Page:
I reported earlier how I came away troubled from a meeting I had attended two weeks back called by the Swellendam executive mayor, Councillor Nicholas Myburgh, to address a host of community-related issues.
Flowing from that meeting was a protest action this past Sunday 7 May 2017, which ended in the symbolic burning of a banner depicting Swellendam Municipality.
As has repeatedly been demonstrated, Suurbraak is a microcosm of the whole. This being so, I believe this current protest enables us to understand why this country is imperilled. I therefore urge you to read my earlier post (Canaries in the Suurbraak coalmine) as background to this report.
In order for this all to make sense I shall:
- briefly describing Suurbraak, its history and its people
- provide some background to some of the issues that surfaced during the protest
- provide a synopsis, from memory, of what happened during the protest
- try to pull together all the threads and show, as I see it, why this process holds significance for Suurbraak and South Africa as a whole
Continue reading Reasons for, report on, and thoughts about the Suurbraak protest
I came away troubled from a meeting I attended on Monday 24 April 2017 in the Suurbraak community hall called by the Swellendam executive mayor, councillor Nicholas Myburgh, to address a host of community-related issues.
After prayers the meeting immediately turned ugly when Myburgh laid down the rules: only three questions allowed for each point on the agenda, the meeting would end promptly by 21:00, if we didn’t abide by these rules he would pack up and drive off.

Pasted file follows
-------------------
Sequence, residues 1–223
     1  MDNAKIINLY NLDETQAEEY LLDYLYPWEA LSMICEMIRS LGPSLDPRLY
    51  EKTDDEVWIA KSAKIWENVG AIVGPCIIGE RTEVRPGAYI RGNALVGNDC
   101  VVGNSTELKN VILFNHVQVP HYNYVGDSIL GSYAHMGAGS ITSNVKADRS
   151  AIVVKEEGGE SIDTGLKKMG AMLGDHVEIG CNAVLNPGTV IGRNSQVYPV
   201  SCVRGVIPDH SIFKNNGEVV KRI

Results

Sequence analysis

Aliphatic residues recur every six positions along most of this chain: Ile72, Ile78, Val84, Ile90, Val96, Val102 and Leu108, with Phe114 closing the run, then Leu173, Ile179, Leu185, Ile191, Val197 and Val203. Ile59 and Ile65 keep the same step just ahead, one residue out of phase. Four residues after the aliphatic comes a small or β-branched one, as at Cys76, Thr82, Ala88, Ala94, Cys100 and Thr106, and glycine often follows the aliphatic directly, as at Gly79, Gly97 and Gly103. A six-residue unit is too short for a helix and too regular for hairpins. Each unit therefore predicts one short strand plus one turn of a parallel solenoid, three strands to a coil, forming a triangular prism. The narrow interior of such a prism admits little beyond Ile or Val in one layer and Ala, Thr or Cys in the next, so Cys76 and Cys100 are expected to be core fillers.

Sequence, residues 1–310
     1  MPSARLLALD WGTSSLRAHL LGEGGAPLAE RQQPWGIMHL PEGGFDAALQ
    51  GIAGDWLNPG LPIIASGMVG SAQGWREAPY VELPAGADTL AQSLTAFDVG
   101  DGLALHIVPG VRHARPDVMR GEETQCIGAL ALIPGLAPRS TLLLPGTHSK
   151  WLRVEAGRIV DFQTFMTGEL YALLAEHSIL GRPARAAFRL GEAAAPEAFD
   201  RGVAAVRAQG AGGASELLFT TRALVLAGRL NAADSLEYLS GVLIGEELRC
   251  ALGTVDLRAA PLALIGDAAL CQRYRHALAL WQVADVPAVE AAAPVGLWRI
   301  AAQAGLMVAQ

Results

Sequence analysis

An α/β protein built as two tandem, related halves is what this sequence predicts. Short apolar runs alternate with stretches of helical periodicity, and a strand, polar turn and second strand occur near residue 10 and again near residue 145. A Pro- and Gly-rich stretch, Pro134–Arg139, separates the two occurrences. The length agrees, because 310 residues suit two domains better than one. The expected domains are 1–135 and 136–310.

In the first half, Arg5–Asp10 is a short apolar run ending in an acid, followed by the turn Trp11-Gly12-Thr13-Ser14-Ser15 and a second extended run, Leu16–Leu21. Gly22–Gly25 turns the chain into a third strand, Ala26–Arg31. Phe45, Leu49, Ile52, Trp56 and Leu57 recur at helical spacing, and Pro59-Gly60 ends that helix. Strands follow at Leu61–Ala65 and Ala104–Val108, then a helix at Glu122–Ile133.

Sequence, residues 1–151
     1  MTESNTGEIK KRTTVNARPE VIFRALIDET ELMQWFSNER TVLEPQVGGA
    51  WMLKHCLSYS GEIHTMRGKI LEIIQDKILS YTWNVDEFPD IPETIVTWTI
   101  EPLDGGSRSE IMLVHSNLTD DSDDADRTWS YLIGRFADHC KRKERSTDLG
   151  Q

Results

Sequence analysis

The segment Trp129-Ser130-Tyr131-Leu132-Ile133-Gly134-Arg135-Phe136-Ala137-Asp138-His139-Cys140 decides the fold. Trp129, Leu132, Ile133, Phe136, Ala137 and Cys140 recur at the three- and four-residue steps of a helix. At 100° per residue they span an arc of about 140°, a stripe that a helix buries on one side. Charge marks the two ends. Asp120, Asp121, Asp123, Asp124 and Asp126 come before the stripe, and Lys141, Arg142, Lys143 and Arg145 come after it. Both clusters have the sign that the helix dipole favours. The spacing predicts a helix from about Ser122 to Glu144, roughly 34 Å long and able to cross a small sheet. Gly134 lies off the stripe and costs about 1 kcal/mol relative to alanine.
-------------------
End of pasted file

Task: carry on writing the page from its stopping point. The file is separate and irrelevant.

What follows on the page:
There was an immediate outcry slamming Myburgh’s attitude. Somewhat chastened, Myburgh adopted a more conciliatory approach although his persona slipped at times within a context where it appeared that there was at least one individual present whose goal seemed to be to stoke emotions.
The dark mood of the meeting constellated around five issues: heritage, services, oor die rivier (over the river), housing and fluisteringe (whisperings)
There were repeated references to Suurbraak’s heritage. For instance, the aforementioned gentleman complained about hideous Eskom electricity poles which he believed detracted from the character of Suurbraak. Heritage or precedent underpinned many of the other issues raised, as in: this is the way it has been for generations why these incursions, fences and/or rules? Continue reading Canaries in the Suurbraak coalmine